Kurt Wiesenfeld is an American physicist working primarily on non-linear dynamics. His works primarily concern stochastic resonance, spontaneous synchronization of coupled oscillators, and non-linear laser dynamics. Since 1987, he has been professor of physics at the Georgia Institute of Technology.
Life and work
Kurt Wiesenfeld received his Bachelor of Science in Physics from the Massachusetts Institute of Technology in 1979, after which he moved to University of California, Berkeley and received his doctorate in 1985. From 1984 to 1985 he was a Lecturer and Research Scientist at the University of California at Santa Cruz.
In 1987, as a post-doctoral research scientist in the Solid State Theory Group of Brookhaven National Laboratory, he and another fellow post-doctoral scientist, Chao Tang, along with their mentor, Per Bak, presented new ideas in group organization with a concept they coined self-organized criticality in their paper in Physical Review Letters. The first discovered example of a dynamical system displaying such self-organized criticality was named after them as the Bak–Tang–Wiesenfeld "sandpile" model.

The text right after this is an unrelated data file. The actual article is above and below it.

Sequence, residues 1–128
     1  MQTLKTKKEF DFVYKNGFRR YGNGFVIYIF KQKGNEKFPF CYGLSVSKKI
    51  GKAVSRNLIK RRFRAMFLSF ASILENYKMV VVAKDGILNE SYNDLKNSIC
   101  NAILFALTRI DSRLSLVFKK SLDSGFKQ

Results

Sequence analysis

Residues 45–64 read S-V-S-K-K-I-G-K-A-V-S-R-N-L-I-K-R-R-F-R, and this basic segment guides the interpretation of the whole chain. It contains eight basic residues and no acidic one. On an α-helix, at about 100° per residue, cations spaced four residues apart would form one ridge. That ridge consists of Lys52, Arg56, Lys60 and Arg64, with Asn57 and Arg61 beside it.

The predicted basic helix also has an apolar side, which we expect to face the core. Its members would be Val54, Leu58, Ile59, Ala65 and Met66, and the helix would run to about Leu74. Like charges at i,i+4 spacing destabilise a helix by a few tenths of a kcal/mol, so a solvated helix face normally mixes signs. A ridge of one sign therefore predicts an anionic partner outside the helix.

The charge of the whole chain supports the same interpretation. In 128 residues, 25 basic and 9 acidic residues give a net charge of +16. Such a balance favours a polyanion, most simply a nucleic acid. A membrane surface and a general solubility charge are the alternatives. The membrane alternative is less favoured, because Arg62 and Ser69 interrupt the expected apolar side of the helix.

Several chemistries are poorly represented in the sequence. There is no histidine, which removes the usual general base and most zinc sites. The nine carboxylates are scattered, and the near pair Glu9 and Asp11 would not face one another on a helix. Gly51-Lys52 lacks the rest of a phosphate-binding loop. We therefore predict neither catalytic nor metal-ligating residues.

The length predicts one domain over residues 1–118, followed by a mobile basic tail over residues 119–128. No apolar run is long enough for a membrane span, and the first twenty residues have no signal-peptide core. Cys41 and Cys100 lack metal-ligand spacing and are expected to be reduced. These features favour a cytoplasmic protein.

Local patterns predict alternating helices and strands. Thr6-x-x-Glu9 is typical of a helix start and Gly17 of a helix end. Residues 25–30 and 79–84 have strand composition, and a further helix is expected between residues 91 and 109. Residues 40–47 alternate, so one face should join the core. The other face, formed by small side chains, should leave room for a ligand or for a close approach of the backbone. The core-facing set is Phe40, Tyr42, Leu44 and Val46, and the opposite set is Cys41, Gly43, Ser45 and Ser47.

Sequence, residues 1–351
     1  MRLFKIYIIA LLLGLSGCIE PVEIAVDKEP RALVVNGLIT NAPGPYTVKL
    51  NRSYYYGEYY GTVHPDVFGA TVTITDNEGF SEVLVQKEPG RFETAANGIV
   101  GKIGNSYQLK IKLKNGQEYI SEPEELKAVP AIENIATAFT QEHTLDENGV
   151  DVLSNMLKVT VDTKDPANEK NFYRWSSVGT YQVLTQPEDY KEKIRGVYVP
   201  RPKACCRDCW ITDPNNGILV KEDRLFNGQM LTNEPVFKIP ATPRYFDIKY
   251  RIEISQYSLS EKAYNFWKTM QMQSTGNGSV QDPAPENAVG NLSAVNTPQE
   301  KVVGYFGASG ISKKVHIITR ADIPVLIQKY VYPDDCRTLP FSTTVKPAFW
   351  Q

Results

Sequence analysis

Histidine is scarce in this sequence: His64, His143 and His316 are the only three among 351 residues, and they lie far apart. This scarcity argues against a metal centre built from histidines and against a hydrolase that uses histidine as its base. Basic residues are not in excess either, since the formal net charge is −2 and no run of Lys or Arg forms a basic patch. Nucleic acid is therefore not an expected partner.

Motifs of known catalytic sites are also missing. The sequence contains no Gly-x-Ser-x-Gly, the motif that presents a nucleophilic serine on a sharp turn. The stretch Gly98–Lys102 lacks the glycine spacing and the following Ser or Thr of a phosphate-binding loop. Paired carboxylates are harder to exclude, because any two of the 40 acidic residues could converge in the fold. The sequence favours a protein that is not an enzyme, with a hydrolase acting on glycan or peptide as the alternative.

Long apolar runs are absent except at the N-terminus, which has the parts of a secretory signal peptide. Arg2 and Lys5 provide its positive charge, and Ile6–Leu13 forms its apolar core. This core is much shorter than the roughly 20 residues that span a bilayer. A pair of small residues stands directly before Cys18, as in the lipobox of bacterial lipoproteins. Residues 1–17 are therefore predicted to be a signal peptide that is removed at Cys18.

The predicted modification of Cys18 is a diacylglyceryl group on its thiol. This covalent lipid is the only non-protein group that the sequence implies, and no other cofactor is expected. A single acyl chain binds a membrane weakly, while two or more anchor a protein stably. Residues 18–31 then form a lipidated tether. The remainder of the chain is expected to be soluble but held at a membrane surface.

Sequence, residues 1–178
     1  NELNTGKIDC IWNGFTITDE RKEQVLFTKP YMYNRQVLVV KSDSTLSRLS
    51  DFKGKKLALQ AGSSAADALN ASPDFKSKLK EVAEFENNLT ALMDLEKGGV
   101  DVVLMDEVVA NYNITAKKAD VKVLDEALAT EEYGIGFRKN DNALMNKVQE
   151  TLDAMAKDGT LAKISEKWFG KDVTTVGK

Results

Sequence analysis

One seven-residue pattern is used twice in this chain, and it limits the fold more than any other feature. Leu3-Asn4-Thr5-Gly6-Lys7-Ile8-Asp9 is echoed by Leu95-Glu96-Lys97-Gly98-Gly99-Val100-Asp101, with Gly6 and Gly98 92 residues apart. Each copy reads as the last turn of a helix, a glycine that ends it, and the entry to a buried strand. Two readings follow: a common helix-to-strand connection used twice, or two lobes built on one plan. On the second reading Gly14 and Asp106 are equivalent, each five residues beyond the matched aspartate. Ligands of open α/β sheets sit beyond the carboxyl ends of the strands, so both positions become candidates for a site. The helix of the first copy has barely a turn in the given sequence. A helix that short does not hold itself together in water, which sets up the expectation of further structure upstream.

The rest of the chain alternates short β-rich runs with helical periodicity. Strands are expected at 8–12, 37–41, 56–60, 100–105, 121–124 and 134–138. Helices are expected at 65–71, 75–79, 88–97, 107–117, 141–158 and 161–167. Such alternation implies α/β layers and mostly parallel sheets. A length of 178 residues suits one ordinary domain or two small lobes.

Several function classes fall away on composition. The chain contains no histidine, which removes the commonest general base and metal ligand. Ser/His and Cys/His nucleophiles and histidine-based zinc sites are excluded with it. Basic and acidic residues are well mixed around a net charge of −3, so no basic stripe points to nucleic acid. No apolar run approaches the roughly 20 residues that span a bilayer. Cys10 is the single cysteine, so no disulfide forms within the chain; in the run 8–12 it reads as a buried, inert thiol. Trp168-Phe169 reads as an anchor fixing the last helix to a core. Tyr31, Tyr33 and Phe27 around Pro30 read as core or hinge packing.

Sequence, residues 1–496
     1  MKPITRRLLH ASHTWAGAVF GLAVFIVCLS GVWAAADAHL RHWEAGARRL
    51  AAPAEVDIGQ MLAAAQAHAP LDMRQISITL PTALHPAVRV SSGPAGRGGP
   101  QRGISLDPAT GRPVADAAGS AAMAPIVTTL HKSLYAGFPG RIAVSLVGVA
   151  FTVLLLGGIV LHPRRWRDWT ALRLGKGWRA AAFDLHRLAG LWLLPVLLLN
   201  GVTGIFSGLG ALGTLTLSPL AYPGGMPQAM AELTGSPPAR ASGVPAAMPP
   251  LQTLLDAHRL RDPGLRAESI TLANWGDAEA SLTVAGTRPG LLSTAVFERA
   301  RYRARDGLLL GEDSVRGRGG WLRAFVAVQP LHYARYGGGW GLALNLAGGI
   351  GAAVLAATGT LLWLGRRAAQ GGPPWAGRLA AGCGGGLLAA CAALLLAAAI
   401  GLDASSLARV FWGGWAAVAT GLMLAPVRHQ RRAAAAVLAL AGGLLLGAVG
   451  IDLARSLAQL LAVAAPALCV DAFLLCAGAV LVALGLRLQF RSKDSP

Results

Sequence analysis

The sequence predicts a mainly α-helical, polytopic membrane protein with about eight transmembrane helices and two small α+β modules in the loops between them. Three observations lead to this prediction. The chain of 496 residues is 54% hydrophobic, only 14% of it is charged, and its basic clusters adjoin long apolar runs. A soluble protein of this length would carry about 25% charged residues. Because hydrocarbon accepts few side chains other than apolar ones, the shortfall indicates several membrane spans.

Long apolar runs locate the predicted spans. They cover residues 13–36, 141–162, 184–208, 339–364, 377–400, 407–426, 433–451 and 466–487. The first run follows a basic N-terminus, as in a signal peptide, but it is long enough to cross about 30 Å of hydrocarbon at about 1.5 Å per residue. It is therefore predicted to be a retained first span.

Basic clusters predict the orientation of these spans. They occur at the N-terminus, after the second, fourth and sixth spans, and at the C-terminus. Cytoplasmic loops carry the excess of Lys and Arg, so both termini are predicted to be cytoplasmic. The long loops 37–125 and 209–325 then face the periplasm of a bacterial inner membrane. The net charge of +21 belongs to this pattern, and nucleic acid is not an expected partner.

Wiesenfeld is currently a fellow of the American Physical Society, a member of the Executive Committee of the American Physical Society's Division of Biological Physics, and a member of the Society for Industrial and Applied Mathematics (SIAM).
“Oscillatory Dynamics of a Nonlinear Amplifier in the High-Gain Regime: Exploiting a Global Connection”, K. Wiesenfeld, A. R. Bulsara, and M. E. Inchiosa, Phys. Rev. B 62, R9232-35 (2000).
K. Wiesenfeld and F. Moss, "Stochastic resonance and the benefits of noise: from ice ages to crayfish and SQUIDs", Nature 373, 33-36 (1995).
K. Wiesenfeld, P. Colet and S. Strogatz, "Frequency locking in n Josephson arrays: connection with the Kuramoto model", Phys. Rev. E 57, 1563-1569 (1998).